Power usage effectiveness (PUE) measures data centre energy efficiency. Data centres typically consume more energy than is needed to operate the servers because of factors such as cooling and supporting IT equipment. The higher the PUE ratio, the less efficient the energy use. Data centres with a PUE below 1.2 are typically considered efficient. For reference, Google's average PUE is 1.10, while the average PUE of most data centres is 1.8 or higher.

In bitcoin mining, electricity costs account for most operational expenditures.10 As a result, mining operators have a clear incentive to optimise cooling systems to reduce overall costs. Conversations with bitcoin miners support the assumption that mining facilities typically have much lower PUEs than traditional data centres. Given the lack of data in this respect for Ethereum, but the activity being similar in nature, we assumed that this is also true for Ethereum.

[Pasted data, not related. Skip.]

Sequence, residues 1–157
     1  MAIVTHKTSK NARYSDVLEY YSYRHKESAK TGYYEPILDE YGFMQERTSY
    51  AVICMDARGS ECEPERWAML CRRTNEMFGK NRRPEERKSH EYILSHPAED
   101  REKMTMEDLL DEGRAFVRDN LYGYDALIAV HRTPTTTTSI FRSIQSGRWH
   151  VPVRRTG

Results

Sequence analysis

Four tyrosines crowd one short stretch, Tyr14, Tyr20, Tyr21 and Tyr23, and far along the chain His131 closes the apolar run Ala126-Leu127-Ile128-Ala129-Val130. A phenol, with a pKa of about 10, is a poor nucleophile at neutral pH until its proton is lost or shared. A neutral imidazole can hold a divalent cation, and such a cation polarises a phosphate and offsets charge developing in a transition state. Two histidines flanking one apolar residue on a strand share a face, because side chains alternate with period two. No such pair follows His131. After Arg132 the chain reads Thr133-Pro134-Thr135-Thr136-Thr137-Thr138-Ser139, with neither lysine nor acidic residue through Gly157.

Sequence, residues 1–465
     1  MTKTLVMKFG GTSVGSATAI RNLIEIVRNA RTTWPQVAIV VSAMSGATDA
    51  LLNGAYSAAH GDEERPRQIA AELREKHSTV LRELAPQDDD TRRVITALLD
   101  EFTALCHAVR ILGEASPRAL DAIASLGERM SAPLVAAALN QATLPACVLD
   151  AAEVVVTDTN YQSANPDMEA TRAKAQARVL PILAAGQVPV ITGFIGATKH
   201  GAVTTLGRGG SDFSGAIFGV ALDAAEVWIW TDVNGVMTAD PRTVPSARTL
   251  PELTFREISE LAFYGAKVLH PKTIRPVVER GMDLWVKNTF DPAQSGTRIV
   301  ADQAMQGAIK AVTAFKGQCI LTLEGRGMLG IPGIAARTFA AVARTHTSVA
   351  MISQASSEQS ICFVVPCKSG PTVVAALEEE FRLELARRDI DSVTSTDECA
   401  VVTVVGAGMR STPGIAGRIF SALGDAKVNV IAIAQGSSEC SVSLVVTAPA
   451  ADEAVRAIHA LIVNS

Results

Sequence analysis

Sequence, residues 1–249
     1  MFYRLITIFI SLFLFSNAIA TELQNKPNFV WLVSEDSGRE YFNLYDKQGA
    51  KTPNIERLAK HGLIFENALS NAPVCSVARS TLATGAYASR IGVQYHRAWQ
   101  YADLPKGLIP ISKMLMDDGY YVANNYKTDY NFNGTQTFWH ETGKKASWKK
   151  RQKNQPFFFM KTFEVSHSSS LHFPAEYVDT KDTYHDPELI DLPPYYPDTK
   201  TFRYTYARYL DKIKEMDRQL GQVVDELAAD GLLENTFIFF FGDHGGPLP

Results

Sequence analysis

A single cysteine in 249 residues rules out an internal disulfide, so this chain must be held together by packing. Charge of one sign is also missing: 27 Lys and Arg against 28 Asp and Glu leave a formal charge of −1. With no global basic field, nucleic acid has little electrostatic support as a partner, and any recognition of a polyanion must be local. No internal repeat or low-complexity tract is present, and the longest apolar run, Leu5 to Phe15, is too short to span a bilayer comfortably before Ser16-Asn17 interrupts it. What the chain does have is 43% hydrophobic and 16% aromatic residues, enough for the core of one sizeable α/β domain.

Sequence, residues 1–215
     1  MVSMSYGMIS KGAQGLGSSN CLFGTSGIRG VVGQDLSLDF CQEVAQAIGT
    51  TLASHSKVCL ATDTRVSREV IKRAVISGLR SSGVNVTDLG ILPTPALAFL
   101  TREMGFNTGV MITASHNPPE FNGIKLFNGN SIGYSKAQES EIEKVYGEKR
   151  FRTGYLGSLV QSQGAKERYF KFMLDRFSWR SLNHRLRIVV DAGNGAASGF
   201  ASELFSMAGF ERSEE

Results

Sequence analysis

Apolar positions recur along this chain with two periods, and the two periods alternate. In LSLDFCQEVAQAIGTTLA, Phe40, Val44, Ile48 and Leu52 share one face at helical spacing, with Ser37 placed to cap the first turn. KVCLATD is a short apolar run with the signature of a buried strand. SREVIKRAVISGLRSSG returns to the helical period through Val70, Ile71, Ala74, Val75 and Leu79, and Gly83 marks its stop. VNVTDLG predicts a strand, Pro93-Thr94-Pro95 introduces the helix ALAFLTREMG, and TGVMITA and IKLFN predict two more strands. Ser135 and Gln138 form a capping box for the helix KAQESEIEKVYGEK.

Assumption 5 (lower bound): In the lower-bound estimate scenario, the mining facility has optimised the data centre operations to have nearly zero overhead costs. In this case, a PUEl of 1.01 is assumed.

The lower-bound estimates are calculated using Equations 6 and 7:

The lower-bound estimate corresponds to the absolute minimum power demand of the Ethereum network. While this is useful for providing a quantifiable minimum, it is a purely hypothetical value that is non-viable for various reasons, such as the following:

  • Not all miners use the most efficient hardware: A miner will likely continue operating less efficient equipment as long as mining revenue is somewhat higher than costs.

  • Long delivery and installation times: Delivery and installation of new equipment can take several months after release.

  • Hardware supply shortage: The most efficient hardware may not be available in sufficient quantities that could reasonably be responsible for the total Ethereum network hashrate.

  • Optimistic PUE: Not all mining facilities have an optimal PUE.

Constructing upper-bound estimates

For computing the upper-bound estimates (Dupper and Eupper), we followed a similar logic, except in this case, we assumed that the least efficient but still profitable hardware model powers the network.